How to Get your Record Expunged
A criminal record is a serious issue that may stay with you for your entire adult life. Getting records expunged, whether that means they are sealed, annulled, or destroyed, may be the only way to escape the stigma of getting on the wrong side of the law.
What is expungement or sealing
Sealing or expunging court records keeps the public and prospective employers from seeing legal charges in a person’s past. While the term “expunge” literally means destroying records, even these records still may be available to certain people, including judges, prosecutors, and police who may review past records when evaluating a current opportunity to charge an individual with a crime. Many crimes have elevated consequences if the individual has a previous conviction, particularly if the prior conviction is a felony.
States use different words to describe the process often called expungement. Technically, expungement means destruction of all related records, but that rarely happens. In general, having a record expunged will only restrict who can see it. The terms expungement, restricted, sealed, removed, or dismissed generally mean the same thing in different states.
The Expungement process
Expunging a record is a process that is not available to everyone in every state. Most states offer some options for this process, but in general expungement is reserved for non-violent misdemeanors, juvenile offenses, those who were arrested but not prosecuted or whose case was dropped by the authorities. Other states may allow those with a criminal record to reduce the charges from felony to misdemeanor offenses after a period of time if the sentence has been completed and all fines or restitution paid. This has an effect similar to expungement, because misdemeanors are rarely an issue for employment, eligibility for an apartment lease, a school application, adoption, international travel, or gun ownership.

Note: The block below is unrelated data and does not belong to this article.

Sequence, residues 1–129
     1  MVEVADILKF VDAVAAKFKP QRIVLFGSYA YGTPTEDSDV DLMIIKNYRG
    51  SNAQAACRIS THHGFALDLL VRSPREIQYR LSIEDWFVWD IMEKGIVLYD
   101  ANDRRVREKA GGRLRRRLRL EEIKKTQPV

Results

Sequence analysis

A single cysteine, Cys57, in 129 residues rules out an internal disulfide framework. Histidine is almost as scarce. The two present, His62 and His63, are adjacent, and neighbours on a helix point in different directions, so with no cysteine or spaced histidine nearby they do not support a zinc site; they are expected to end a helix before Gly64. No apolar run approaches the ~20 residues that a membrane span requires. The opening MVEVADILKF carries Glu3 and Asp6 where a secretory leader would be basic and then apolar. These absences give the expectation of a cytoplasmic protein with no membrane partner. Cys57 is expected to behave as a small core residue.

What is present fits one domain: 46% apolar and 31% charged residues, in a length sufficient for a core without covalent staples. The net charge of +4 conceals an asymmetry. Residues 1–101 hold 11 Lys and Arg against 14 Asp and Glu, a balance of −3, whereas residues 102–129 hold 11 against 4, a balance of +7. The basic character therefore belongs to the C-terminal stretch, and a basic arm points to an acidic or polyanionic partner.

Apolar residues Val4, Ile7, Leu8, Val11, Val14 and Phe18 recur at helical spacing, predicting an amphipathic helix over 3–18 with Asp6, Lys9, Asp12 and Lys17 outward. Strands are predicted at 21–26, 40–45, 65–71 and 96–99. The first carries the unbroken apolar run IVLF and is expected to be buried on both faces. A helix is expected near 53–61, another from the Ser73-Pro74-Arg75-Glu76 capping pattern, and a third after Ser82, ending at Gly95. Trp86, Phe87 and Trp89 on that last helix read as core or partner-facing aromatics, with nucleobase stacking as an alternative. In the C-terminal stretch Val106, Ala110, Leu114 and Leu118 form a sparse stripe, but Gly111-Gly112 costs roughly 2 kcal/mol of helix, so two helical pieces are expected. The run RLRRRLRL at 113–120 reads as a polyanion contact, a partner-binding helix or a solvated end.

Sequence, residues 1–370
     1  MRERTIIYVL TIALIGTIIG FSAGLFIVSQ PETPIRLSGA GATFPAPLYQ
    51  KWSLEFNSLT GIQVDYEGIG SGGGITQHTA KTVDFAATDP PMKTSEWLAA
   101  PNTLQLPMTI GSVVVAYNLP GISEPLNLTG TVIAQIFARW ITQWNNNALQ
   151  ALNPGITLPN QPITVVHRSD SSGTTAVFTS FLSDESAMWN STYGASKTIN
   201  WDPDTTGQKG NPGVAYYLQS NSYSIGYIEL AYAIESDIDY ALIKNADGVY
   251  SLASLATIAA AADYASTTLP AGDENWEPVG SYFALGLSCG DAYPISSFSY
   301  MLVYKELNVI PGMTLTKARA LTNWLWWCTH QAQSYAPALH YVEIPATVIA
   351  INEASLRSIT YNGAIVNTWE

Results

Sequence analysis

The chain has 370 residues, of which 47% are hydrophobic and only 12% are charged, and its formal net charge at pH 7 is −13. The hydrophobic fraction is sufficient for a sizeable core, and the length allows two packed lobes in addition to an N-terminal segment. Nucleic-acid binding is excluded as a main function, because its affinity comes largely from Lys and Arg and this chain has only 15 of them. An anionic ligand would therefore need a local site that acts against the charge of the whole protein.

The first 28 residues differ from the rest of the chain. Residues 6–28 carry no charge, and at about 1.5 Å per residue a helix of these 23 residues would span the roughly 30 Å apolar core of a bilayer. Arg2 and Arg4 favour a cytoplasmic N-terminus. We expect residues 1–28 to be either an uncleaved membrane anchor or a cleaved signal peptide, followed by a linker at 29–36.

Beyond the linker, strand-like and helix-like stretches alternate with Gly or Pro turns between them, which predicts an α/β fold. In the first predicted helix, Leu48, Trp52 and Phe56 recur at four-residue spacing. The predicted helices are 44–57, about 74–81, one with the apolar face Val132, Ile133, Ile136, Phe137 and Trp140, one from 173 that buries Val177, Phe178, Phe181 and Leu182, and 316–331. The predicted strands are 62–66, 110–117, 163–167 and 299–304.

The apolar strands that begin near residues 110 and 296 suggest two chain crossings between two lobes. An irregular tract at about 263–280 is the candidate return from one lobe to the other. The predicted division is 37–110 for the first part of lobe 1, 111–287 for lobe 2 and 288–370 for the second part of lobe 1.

In general, those who were sentenced to time in state prison for their conviction are not eligible for expungement, nor are those with records of crimes like rape, murder, or assaults on children.
Driving records may be maintained by states separately from criminal cases that result from driving infractions like DUI offenses. Therefore one may expunge his criminal record but the DUI would remain on his state driving record unless the state allows action to be taken on those records.
What is a pardon
A pardon is a different process that requires an appeal to the governor or his or her governor’s council. A pardon is a type of administrative forgiveness, often for felony convictions that are not eligible under most states’ expungement laws, which restores pre-conviction rights such as the right to vote, possess a firearm, and to run for office. These administrative procedures are rare in most states, but common in others (Alabama allows 500 pardons a year but Alaska grants around 3).
Purging or sealing criminal records held in federal courts is up to the individual court. According to some sources, federal records are only eligible for expungement or sealing if the offense was a first-time drug offense when the defendant was under age 21, or under circumstances when the law was subsequently found to be unconstitutional, or if the conviction stemmed from government misconduct.
Any petition for expungement of a federal drug conviction starts with an application to the Attorney General’s office, which will ensure that the applicant has been drug-free and without subsequent convictions for a specified period of years.
Sampling of expungement rules, state-by-state